The most important aspect of this movie is the sound. The voices that the main characters Ray and Jesse hear are so well mixed that it seems like they are whispering into your own ear rather than coming from the speakers. This added a whole new layer of spine-tingling, goosebump-inducing fear that I appreciated probably far more than I should. It also helped give an ambiguity to whether these men were truly insane or being whispered to by dark forces from the underworld. To add to the truly uneasy audio mix is the very sparingly used score. The times a score is used, it’s not as noticeable as it could be, but it adds to the emotion and fear of the scenes it’s used in. The other usage of music is heavy metal. The metal head in me had to throw up the horns for the first twenty minutes of the movie as well as the end credits (worth watching if you’re a classic Metallica fan).

The story itself is very well crafted overall in The Devil’s Candy. At times, it does get a little unclear what is going on, but not to the point where its incoherent. It does tread close to having a few plot holes. Luckily, nothing too glaring as to take away from my overall enjoyment of the film. I found myself too engrossed to dwell on the minor downfalls of the movie when they did pop up. Luckily, these flaws were rare enough to be easily missed unless you’re looking for something to be wrong.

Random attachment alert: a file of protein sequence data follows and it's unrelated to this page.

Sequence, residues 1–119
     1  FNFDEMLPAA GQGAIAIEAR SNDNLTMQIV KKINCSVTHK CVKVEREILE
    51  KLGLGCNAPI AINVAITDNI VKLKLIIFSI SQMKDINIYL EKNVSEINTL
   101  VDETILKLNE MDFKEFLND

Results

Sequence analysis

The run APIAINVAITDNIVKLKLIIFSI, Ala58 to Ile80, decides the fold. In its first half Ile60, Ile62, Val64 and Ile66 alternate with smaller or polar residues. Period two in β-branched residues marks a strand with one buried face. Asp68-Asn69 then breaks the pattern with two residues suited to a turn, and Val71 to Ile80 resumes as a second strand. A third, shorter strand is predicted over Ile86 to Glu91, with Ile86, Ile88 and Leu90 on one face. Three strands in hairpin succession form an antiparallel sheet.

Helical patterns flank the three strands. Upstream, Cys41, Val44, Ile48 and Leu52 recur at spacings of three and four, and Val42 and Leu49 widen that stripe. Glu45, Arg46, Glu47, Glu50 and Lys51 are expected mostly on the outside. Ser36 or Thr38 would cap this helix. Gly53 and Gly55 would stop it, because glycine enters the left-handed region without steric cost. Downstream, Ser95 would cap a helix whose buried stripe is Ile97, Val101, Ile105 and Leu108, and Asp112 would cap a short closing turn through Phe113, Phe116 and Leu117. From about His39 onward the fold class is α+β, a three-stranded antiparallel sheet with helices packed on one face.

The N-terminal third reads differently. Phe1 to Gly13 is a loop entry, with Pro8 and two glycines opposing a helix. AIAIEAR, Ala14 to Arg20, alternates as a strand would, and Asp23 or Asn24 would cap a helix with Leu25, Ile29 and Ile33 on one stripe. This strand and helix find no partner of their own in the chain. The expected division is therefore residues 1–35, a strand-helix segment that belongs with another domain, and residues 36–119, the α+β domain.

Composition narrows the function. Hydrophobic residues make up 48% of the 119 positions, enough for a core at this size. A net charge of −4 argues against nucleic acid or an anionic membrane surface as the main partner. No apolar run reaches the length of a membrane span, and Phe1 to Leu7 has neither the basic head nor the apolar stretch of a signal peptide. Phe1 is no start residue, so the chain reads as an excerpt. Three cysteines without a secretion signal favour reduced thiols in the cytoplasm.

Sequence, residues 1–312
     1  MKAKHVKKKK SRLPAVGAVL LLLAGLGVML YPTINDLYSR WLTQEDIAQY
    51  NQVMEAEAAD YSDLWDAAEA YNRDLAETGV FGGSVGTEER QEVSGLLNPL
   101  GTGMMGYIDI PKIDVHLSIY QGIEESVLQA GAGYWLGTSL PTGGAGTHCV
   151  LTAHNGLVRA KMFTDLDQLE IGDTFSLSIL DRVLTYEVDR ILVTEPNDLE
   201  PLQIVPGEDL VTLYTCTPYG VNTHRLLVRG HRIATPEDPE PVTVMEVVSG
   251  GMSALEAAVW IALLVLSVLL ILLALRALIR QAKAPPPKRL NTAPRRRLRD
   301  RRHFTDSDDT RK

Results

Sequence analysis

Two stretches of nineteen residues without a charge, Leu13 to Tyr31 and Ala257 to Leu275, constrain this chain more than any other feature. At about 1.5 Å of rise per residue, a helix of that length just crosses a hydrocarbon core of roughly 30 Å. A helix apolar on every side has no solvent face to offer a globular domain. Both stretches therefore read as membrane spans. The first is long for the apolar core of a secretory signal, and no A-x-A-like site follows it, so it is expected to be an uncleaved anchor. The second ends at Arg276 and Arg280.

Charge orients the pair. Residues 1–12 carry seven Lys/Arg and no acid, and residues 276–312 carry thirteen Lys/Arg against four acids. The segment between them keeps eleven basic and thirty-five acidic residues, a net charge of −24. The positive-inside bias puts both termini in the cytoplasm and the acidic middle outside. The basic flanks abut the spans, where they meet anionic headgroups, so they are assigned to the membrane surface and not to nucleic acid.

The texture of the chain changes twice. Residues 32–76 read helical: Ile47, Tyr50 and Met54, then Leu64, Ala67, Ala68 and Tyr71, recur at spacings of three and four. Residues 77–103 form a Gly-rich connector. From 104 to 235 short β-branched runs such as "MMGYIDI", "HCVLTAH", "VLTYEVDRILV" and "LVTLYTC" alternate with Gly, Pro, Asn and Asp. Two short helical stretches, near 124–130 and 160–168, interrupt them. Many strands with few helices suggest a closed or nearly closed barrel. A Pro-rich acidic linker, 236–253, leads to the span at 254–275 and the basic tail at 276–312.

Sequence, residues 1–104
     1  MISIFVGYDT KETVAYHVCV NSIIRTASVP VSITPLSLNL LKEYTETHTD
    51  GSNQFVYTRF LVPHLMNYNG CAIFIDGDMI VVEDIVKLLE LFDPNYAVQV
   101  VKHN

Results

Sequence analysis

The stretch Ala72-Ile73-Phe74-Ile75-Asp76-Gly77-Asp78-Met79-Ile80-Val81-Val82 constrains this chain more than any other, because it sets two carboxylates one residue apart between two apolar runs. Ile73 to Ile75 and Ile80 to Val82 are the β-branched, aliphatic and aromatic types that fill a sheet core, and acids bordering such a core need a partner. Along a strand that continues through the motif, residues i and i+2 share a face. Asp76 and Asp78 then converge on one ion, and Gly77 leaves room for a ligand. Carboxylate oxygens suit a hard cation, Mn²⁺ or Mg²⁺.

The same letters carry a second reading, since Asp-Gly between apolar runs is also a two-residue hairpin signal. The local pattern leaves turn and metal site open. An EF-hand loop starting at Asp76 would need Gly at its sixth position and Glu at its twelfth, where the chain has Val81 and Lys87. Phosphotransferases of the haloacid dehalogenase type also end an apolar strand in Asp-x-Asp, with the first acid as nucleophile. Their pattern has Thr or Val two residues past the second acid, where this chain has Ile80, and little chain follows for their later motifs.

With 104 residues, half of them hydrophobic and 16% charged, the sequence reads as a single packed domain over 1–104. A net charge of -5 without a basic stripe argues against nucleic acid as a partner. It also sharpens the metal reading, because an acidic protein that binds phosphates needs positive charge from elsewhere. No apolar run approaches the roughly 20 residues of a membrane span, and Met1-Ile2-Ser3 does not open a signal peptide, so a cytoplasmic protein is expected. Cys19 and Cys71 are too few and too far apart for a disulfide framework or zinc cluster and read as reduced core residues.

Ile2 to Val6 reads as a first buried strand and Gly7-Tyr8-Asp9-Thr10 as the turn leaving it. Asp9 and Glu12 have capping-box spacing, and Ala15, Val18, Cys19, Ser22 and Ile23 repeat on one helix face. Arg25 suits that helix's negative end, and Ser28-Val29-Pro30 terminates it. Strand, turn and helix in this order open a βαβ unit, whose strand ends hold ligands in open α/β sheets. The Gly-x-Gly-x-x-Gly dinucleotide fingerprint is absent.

The acting, especially, helps draw in the viewer in and keep them hooked. Ethan Embry is damn near unrecognizable as Jesse Hellman. His portrayal as a starving artist, metalhead, and father doing his best is believable. This combined with his appearance, the character felt like a real person rather than a character portrayed by an actor. Pruitt Taylor Vince, however, really shine as Ray Smilie. His performance walks the thin line between serial killer, victim, and mentally challenged to the point that he evokes sympathy. Until the end, however, when he turns the serial killer vibe up to eleven and sparks the true horror this story.

The ending is what ultimately makes this movie what it is. The journey through madness the two men go through culminates in a bloody showdown. The violence is stark and matter-of-fact, giving a more realistic and brutal feeling to the bloodshed on screen. The vibe of the last thirty minutes or so is incredible and simply must be seen so I don’t spoil things. Despite an end for one of the men, the last few minutes leave more questions than answers. Though not in a way that left me frustrated or wanting more. While it is short in comparison to some movies, ninety minutes was the perfect run time for this story. Any longer and it would have dragged on just enough to lose the pacing.

Overall, this isn’t the best horror movie I’ve seen, but it’s certainly not the worst. I’d definitely watch it again and I highly suggest anyone else to give it a shot. It’s not your typical haunted house or possession movie. It’s a film all on its own and, frankly, doesn’t need a genre to fit into. The Devil’s Candy is a story that will worm its way under your skin and into your mind. It might just stick with you after you watch it. If anything, watch this one for the cool music, wicked artwork, and the last thirty minutes.